Early Childhood Development: Phonological Awareness
Letter and Word Awareness is the ability to identify individual written letters and words. Once children are able to identify printed letters, they develop the ability to identify entire words. The entire developmental progression from letter awareness to word awareness to fluent reading typically begins around age three with letter awareness and continues through age five, six or seven with fluent reading.
Relationship Between Letter and Word Awareness and Visual Discrimination
Letter and Word Awareness is a subset of Visual Discrimination development. Where Visual Discrimination involves the ability to distinguish between numerous similar but different images, Letter and Word Awareness involves only the ability to distinguish between different (but, often time, similarly shaped) letters and words.
For example, the letters E and F have very different sounds and very different roles in reading and writing. However, their appearance is very similar. Consider the many groups of similarly shaped letters:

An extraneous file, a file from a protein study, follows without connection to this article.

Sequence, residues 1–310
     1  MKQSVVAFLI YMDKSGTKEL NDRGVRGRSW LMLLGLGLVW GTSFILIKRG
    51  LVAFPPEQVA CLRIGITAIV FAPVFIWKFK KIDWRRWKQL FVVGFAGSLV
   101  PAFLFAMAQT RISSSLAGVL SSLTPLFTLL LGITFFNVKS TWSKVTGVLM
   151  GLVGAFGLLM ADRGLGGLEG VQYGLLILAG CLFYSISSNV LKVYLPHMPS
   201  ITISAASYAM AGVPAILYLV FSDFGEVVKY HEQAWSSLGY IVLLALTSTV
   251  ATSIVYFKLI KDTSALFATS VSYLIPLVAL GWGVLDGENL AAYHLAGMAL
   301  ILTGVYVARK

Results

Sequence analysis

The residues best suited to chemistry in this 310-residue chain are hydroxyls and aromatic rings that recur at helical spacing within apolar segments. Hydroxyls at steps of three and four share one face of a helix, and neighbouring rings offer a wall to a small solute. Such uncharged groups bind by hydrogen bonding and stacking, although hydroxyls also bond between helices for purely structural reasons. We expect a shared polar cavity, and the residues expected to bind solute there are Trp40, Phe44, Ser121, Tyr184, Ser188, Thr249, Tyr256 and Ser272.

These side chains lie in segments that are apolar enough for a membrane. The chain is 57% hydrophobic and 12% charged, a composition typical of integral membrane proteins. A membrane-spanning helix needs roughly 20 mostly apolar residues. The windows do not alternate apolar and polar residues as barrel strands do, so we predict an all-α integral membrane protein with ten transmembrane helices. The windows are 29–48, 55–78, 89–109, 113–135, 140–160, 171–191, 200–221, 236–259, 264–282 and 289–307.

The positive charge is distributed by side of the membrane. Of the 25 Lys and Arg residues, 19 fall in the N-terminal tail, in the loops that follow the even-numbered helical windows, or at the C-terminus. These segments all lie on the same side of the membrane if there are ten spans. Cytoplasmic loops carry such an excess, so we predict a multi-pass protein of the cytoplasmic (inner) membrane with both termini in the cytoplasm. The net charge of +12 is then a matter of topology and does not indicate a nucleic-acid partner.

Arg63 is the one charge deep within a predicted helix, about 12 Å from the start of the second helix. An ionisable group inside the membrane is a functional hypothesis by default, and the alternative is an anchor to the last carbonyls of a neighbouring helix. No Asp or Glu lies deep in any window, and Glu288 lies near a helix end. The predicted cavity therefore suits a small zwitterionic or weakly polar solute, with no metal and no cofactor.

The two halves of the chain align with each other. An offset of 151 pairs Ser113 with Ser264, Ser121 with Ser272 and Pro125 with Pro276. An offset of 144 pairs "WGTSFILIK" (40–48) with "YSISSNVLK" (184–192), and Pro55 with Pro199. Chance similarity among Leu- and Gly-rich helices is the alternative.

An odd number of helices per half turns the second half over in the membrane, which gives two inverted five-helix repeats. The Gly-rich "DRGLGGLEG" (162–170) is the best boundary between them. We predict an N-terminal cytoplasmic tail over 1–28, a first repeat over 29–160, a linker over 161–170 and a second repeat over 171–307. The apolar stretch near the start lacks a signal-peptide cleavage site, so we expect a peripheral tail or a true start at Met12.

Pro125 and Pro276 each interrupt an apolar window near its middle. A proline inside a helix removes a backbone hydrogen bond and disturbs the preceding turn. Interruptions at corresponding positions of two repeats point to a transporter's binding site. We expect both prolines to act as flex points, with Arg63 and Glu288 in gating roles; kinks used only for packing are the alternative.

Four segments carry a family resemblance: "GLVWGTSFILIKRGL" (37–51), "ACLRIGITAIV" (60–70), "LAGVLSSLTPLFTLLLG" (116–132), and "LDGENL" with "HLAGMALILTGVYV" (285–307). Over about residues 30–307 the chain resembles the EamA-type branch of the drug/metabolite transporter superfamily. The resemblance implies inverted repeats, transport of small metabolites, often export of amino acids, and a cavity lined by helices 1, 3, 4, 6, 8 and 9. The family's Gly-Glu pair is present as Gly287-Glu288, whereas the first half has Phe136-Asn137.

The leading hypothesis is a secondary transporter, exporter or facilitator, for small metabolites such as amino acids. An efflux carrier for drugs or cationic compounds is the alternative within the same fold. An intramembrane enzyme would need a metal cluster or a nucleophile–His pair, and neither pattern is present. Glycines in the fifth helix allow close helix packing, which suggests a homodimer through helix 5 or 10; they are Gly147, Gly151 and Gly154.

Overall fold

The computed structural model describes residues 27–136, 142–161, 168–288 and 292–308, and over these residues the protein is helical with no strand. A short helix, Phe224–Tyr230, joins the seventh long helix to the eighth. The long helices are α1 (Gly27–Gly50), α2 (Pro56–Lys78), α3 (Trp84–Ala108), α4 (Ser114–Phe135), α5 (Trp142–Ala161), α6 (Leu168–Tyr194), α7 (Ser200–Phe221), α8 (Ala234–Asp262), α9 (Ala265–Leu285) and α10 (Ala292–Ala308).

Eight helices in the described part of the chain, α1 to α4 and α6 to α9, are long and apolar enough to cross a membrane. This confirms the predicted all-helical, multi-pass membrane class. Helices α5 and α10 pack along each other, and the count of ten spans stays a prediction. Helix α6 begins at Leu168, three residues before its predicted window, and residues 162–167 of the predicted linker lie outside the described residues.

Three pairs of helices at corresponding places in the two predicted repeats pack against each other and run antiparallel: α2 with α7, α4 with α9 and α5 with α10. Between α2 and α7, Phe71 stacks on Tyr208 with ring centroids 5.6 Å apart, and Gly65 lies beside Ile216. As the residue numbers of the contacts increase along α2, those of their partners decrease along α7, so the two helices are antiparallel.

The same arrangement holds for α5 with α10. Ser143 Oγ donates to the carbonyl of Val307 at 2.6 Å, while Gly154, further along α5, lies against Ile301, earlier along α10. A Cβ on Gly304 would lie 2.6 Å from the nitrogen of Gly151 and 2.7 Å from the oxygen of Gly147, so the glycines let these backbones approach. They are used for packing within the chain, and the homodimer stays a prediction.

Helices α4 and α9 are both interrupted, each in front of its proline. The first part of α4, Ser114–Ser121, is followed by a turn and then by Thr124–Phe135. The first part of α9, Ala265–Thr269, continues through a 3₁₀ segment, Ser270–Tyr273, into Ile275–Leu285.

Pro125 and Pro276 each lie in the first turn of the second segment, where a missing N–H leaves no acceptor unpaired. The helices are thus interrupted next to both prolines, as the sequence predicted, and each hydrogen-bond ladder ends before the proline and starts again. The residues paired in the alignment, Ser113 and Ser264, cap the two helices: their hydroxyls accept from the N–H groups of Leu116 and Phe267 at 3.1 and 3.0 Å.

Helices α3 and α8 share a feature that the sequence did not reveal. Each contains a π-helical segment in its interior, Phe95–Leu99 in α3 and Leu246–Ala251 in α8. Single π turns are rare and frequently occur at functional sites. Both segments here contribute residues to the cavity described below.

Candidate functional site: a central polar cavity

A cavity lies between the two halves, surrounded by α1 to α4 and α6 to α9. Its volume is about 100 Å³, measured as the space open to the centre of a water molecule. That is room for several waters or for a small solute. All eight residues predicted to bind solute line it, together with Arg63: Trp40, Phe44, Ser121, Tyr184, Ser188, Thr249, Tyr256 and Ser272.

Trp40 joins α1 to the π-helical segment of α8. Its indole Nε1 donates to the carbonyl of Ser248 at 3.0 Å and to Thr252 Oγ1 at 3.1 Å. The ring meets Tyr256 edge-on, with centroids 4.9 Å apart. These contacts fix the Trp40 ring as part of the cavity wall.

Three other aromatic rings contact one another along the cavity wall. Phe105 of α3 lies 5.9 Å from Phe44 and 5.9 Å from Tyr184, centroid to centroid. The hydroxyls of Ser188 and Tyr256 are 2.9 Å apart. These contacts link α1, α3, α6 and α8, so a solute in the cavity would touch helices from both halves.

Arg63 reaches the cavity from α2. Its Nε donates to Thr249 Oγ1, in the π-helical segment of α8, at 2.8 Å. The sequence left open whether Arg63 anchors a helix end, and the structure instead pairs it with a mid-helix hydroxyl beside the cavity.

“Sight Word” Vocabularies
As children begin understanding how letters form words, they will naturally begin recognizing words on a page. Words that begin with the same letter as their name, words that appear frequently in a favorite book and words with a fun sound such as “Woof” are usually the first words children begin identifying. When this happens, children start creating their own personal “sight word” vocabularies.
Sight word vocabularies are the collection of words that your child is able to “read” simply by looking at the word and without having to “sound it out” letter by letter. For example, when a three-year-old child sees a common sign (for a store or restaurant, perhaps), a frequently written word in a favorite book or his own name written down, he is likely able to name that word. He is not reading the word in the conventional sense. Rather, he has memorized what that word looks like in print. In addition to sight words a child learns naturally by seeing the word on favorite signs or in favorite books, some parents and teachers may use “sight word flashcards.” These are created by printing or handwriting commonly used words on one side of small flashcard. By showing a child one card at a time and reading the word aloud to him, he will be able to more quickly expand his sight word vocabulary.